The president of Toshiba says the company will spend billions of dollars on mergers and acquisitions to boost annual sales in its healthcare division to $9.78 billion by March 2018.

Kaiser Permanente Colorado, the largest not-for-profit health plan in Colorado, will join the CORHIO HIE.


Deloitte Consulting launches ConvergeHEALTH by Deloitte, a business unit that supports data-driven transformation of healthcare using analytics, consulting, and collaboration with leading healthcare organizations.


A group of Mayo Clinic physicians launches Ambient Clinical Analytics and raises $1.1 million in funding on top of its original $16 million CMS grant. It will offer Mayo-developed mobile device tools such as surveillance alerts and an analytics-powered EMR viewer. It will be debuted at the HIMSS conference next week.

Government and Politics

CMS announces that it will offer end-to-end ICD-10 testing in summer 2014 to a small group of providers.

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ONC selects 15 provider and administrator champions for its HIT Fellows Program.



Carilion Clinic identifies 8,500 patients at risk for developing heart failure using NLP and predictive analytics technology from IBM to analyze clinical data from the health system’s Epic EMR.

A HIMSS survey finds that 19 percent of health systems and physician practices experienced a security breach in the last 12 months and 12 percent had at least one reported case of medical identity theft.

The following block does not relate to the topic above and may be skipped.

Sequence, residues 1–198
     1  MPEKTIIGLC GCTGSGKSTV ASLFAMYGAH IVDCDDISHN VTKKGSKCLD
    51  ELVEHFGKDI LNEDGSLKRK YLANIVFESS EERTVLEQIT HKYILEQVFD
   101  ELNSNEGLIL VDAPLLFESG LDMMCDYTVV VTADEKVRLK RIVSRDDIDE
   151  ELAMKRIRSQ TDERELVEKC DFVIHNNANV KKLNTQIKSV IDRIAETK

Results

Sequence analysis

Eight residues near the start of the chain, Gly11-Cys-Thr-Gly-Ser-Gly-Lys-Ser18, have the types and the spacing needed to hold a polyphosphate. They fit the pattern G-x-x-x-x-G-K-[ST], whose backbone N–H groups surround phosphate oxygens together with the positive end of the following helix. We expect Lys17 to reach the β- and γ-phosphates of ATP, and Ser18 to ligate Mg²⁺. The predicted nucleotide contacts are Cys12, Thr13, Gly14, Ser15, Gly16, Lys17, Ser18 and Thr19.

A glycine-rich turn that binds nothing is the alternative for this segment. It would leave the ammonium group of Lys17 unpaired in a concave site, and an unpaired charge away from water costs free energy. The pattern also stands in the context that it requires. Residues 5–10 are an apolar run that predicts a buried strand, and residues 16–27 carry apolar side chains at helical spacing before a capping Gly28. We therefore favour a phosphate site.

Nashville attorney Michael Dagley, who represented Trinity Medical Center (ND) in its $106 million settlement with Cerner over its ProFit accounting software, indirectly accuses the company of over-promising on ProFit’s capabilities to earn the clinical systems business. He also warns hospitals that limitation-of-liability clauses may prevent hospitals from suing their vendor, saying, “Vendors will have in their contract, almost always, a limitation of liability. Which means you cannot sue us for any consequence of the software being defective, you can only get your money back for the software. The providers, a lot of times, do not understand the significance of that agreement. So now, they’re three months into it, they’ve bought the software, and they’ve lost $100 million. They pull up the contract, and the contract says you can get your money back for the software and they’re going, ‘That’s $300,000, but I lost $100 million!’” He suggests consulting KLAS rankings and talking to clients.

A study finds that few consumers pay attention to online physician reviews even though they’ve gained popularity.


The outgoing CFO of Nevada Regional Medical Center (NV), which is laying off employees and losing $575,000 each month, says, “The biggest expense we’ve had is Cerner’s fees.” Cerner agreed to lower its payments by $31,000 per month for six months and then add $2,000 per month for the remainder of the eight-year agreement (they get paid the same total amount, in other words.)

The local paper says that Epic may reach 10,000 employees by 2018, with much of the growth due to international expansion that will be run from Verona. The article lists “Epic’s 12 Principles” that it says are posted all over its campus:

1. Do not go public.
2. Do not be acquired.
3. Expectations = reality.
4. Keep commitments.
5. Be frugal.
6. Have standards. Don’t do deals.
7. Create innovative and helpful products.